By Carol Kania Morency
One question residents ask repeatedly when city of Elmhurst representatives discuss their multimillion-dollar plans for stormwater remediation is, "Where will you get the money?"
On Monday, aldermen looked at funding for this and other projects as they started mapping out a five-year capital plan.
Many of Elmhurst's major projects in the coming years will be financed with borrowed money, and projects in the capital plan won't rely solely on taxpayer dollars if anticipated grant funding comes through.
The council agreed Monday to refinance bonds originally issued in 2003. To take advantage of a lower interest rate—down to 1.86 percent from 3.95 percent—the city plans to refinance $7.42 million in existing debt and add $2.25 million to fund stormwater projects.
These projects are looming large over the next five years, and getting the funds for them is not the only work that needs to be completed before the projects can begin. Last week, representatives from the city and Christopher Burke Engineering visited the Elmhurst Park Board to detail their plans for storing stormwater on park properties. The city made a presentation to the District 205 School Board earlier this summer, explaining how three District 205 properties would be needed for stormwater remediation.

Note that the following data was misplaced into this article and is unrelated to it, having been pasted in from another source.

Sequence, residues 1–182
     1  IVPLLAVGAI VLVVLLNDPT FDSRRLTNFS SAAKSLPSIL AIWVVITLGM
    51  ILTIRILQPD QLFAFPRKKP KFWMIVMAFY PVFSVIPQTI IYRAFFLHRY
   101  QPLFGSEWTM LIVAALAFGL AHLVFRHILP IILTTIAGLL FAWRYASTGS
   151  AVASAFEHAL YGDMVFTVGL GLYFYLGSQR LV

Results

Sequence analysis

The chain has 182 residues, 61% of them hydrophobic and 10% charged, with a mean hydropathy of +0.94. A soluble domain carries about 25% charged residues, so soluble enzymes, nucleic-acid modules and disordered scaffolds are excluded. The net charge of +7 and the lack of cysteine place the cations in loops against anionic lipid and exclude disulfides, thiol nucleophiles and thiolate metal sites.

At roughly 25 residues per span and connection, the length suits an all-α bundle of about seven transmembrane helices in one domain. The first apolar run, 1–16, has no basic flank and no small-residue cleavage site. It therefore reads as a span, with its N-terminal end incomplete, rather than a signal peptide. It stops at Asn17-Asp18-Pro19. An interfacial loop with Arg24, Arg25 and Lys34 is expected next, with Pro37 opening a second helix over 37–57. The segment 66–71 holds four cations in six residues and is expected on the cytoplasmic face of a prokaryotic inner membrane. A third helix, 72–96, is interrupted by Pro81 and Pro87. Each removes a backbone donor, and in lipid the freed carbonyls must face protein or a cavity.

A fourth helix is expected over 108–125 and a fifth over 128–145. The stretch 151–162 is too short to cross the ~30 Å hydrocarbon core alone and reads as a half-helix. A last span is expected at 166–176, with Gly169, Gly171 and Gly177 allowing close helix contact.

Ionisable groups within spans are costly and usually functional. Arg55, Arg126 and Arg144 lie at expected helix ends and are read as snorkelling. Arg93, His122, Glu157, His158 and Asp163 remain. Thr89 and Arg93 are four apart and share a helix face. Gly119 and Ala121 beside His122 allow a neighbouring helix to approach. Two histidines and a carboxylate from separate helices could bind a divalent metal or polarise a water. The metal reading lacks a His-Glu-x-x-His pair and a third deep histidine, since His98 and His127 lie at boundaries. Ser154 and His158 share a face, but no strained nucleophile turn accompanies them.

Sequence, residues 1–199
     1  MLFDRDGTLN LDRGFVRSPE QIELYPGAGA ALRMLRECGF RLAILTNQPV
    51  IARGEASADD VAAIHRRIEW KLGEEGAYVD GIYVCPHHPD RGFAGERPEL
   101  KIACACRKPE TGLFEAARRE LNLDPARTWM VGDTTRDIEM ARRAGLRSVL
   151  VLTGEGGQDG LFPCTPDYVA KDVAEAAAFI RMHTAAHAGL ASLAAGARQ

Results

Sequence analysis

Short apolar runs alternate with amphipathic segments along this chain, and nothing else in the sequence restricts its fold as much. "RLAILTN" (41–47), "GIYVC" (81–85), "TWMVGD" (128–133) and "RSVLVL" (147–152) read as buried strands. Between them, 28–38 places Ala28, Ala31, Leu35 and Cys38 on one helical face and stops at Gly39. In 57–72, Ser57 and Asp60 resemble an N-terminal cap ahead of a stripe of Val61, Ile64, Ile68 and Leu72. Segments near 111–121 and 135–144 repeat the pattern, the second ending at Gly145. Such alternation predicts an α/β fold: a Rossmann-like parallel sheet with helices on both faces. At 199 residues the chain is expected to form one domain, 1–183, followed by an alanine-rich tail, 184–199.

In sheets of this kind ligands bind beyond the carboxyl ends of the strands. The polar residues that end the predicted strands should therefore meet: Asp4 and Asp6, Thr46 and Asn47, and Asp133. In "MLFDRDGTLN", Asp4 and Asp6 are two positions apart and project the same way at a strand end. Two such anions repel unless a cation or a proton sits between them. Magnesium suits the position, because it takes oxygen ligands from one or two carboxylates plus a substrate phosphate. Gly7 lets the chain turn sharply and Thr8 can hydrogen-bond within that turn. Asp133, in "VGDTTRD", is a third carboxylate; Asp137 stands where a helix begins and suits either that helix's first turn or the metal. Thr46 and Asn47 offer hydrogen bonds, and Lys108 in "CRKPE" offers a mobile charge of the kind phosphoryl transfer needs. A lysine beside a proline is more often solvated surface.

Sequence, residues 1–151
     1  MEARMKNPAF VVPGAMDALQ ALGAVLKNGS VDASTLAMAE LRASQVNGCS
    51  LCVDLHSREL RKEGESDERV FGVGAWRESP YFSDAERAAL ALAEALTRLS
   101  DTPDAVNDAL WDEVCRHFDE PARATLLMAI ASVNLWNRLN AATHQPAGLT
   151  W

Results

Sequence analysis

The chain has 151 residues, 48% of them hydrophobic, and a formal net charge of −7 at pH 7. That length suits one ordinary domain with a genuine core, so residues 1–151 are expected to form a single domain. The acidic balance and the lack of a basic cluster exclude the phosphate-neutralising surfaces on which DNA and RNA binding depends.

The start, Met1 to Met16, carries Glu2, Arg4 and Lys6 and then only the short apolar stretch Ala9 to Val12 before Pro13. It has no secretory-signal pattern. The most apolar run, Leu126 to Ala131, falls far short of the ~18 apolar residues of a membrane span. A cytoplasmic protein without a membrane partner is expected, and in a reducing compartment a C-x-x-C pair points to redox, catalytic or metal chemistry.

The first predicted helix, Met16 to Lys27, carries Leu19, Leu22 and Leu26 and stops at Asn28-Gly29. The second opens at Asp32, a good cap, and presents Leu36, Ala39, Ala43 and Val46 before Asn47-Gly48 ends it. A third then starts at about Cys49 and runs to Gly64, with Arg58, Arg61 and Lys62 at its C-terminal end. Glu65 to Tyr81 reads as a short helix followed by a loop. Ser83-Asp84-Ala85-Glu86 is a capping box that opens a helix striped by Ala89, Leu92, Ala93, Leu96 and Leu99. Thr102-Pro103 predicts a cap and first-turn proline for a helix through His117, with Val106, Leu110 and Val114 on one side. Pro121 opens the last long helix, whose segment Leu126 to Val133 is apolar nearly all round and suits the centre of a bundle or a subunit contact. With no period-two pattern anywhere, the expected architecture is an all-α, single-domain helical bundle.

On Monday, City Manager Jim Grabowski told the council that staff will be submitting preliminary applications for about $8 million in Illinois Emergency Management Agency grants made available for stormwater projects after parts of DuPage County were declared disaster areas last spring. Grabowski stressed that even though they are applying for the grants, they are in no way assuming the school and park boards will decide to allow the city to dredge their land for stormwater detention.
“We are not presuming anything,” he said. “But we would be remiss in not applying.”
The city’s five-year plan includes $10.7 million for the dredging projects, although the final cost could be much more once park amenities, like soccer fields, seating areas and parking, are added back in.
The city also plans to spend $8.4 million to increase stormwater flow out of the flood-plagued southwest portion of the city by installing larger pipes and a detention tank at the Wastewater Treatment Plant. Grabowski said the city’s stormwater consultant, RJN Group, will present updated details on this plan in the coming weeks.
Another grant application likely will revive a debate over the construction of an underpass for the Prairie Path at York Road. Staff learned earlier this year the city is eligible for a $1.7 million grant through the state’s Surface Transportation Program. Next year’s budget includes $150,000 for preliminary engineering and places the total cost of the underpass at $3 million.
The city also will apply one more time for an Illinois Green Infrastructure Grant to replace the crumbling City Hall parking lot with porous pavers. Without grant money for the $600,000 project, aldermen will have to consider the cheaper, traditional asphalt alternative.
Because the city is moving to a calendar-year budget, the 2014 spending plan will be delivered to the council in October. The levy review and adoption will take place in November and December.